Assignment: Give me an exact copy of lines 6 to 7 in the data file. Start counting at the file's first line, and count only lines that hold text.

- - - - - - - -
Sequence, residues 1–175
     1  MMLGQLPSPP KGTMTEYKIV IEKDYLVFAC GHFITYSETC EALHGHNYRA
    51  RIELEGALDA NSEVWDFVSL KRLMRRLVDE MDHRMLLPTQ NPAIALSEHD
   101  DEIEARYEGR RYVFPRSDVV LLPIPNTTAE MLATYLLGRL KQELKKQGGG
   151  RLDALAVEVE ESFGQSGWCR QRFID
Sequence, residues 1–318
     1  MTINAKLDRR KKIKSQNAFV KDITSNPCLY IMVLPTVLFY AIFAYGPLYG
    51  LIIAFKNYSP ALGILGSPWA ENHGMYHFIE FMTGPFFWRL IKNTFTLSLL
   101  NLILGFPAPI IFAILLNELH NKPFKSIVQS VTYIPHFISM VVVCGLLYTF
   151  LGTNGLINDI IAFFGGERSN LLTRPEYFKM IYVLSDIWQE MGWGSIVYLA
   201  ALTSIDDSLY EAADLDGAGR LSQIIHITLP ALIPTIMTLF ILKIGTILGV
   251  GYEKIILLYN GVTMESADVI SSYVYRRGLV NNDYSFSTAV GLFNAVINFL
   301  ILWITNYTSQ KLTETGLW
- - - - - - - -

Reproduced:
Sequence, residues 1–318
     1  MTINAKLDRR KKIKSQNAFV KDITSNPCLY IMVLPTVLFY AIFAYGPLYG